Yahoo! Inc. (NASDAQ:YHOO) Prevents AdBlock Users From Viewing Their Mail

Yahoo mail

Users registered to email services on Yahoo! Inc. (NASDAQ:YHOO) have been complaining that the company is preventing them from viewing their mail if they have activated AdBlock.

Some users claim that they have been unable to access their email through Firefox, desktop or Chrome. Anytime they try to gain access, an error message appears requesting them to deactivate AdBlock feature so they can regain full access. Yahoo confirmed that it is test-running the features on some of its customers in the US.

The access denial complaints initially discovered by Digiday and later brought into the Ad Block forum held on Thursday. Former Yahoo designer Andrei Herasimchuk also reported that he has been blocked from his inbox. Users can, however, find a way around the block by using a different browser though it might involve tweaking the settings from “full featured” to “basic.”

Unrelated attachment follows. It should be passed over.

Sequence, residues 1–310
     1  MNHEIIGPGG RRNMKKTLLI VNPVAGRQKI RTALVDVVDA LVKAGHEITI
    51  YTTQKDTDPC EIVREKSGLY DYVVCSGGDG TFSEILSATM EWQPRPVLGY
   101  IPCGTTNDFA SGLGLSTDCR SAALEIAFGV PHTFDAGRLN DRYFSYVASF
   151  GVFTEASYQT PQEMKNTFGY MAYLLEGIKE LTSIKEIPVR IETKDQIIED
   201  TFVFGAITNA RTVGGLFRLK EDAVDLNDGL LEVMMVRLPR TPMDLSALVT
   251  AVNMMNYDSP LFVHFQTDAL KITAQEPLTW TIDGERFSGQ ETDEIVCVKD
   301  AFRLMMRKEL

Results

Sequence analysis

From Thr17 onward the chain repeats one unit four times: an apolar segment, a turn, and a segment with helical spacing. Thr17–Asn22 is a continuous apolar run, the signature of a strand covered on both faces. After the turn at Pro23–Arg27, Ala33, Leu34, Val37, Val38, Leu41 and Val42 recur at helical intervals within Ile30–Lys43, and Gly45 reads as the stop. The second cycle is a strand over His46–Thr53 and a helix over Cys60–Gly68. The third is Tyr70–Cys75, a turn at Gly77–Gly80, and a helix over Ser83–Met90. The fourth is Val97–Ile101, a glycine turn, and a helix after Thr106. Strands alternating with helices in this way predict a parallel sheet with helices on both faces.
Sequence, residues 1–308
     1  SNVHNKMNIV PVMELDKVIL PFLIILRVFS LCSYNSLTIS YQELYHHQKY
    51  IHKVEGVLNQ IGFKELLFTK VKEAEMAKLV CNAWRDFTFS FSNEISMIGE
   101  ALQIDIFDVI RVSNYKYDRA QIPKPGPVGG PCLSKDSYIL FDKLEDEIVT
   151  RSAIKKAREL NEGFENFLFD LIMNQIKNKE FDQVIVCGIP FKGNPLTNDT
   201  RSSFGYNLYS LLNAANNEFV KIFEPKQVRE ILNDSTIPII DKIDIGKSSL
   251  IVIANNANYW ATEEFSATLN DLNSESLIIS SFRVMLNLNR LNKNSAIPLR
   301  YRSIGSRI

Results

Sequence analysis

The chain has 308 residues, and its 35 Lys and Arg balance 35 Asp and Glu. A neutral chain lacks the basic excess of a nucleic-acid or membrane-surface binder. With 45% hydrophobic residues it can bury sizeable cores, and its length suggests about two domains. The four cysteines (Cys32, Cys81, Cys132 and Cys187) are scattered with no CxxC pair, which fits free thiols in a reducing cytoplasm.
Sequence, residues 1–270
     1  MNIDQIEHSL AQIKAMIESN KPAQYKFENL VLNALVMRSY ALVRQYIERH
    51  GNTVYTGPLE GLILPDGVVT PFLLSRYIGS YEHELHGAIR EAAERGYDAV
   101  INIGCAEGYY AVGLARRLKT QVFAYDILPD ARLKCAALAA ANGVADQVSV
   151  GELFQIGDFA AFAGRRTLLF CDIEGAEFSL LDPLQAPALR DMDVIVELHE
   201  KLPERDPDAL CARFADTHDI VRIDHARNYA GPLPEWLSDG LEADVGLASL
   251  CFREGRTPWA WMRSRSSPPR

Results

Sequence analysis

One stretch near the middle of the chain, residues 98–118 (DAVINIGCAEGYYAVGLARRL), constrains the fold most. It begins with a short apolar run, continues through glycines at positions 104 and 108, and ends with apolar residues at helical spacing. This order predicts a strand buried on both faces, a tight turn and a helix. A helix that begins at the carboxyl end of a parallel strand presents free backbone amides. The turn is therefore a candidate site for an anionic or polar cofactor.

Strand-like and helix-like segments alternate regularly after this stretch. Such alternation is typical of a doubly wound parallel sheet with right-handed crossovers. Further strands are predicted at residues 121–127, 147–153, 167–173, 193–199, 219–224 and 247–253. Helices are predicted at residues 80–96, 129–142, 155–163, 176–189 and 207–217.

Some users have gone to social networks to express their dissatisfaction with Yahoo! Inc. for blocking their mail. Some of them have threatened to move to other email services from other firms. The move could be detrimental to the company because it provides a reason for users to move to other alternatives. The firm has not confirmed whether it plans to extend the access restriction to all users registered with its email service.

Even though the company claims that it is a test on a few users, the firm is probably trying to see if users will abandon the AdBlock service. The overall goal of the company is to make sure ads reach a wider audience so that it can boost its ad revenue. The AdBlock feature is one of the features that set Yahoo! Inc. Apart from other email services. The unique features have been an important factor in retaining clients and attracting more users on board.

Nonetheless, the firm will still be faced with a dilemma, risk losing users or risk losing ad revenue. Either way, the firm will still lose if users migrate to other services. The feedback received from the small number of users whose mail has been blocked should be enough for the company to make a decision on which direction to follow.

Sources: Venturebeat, pcworld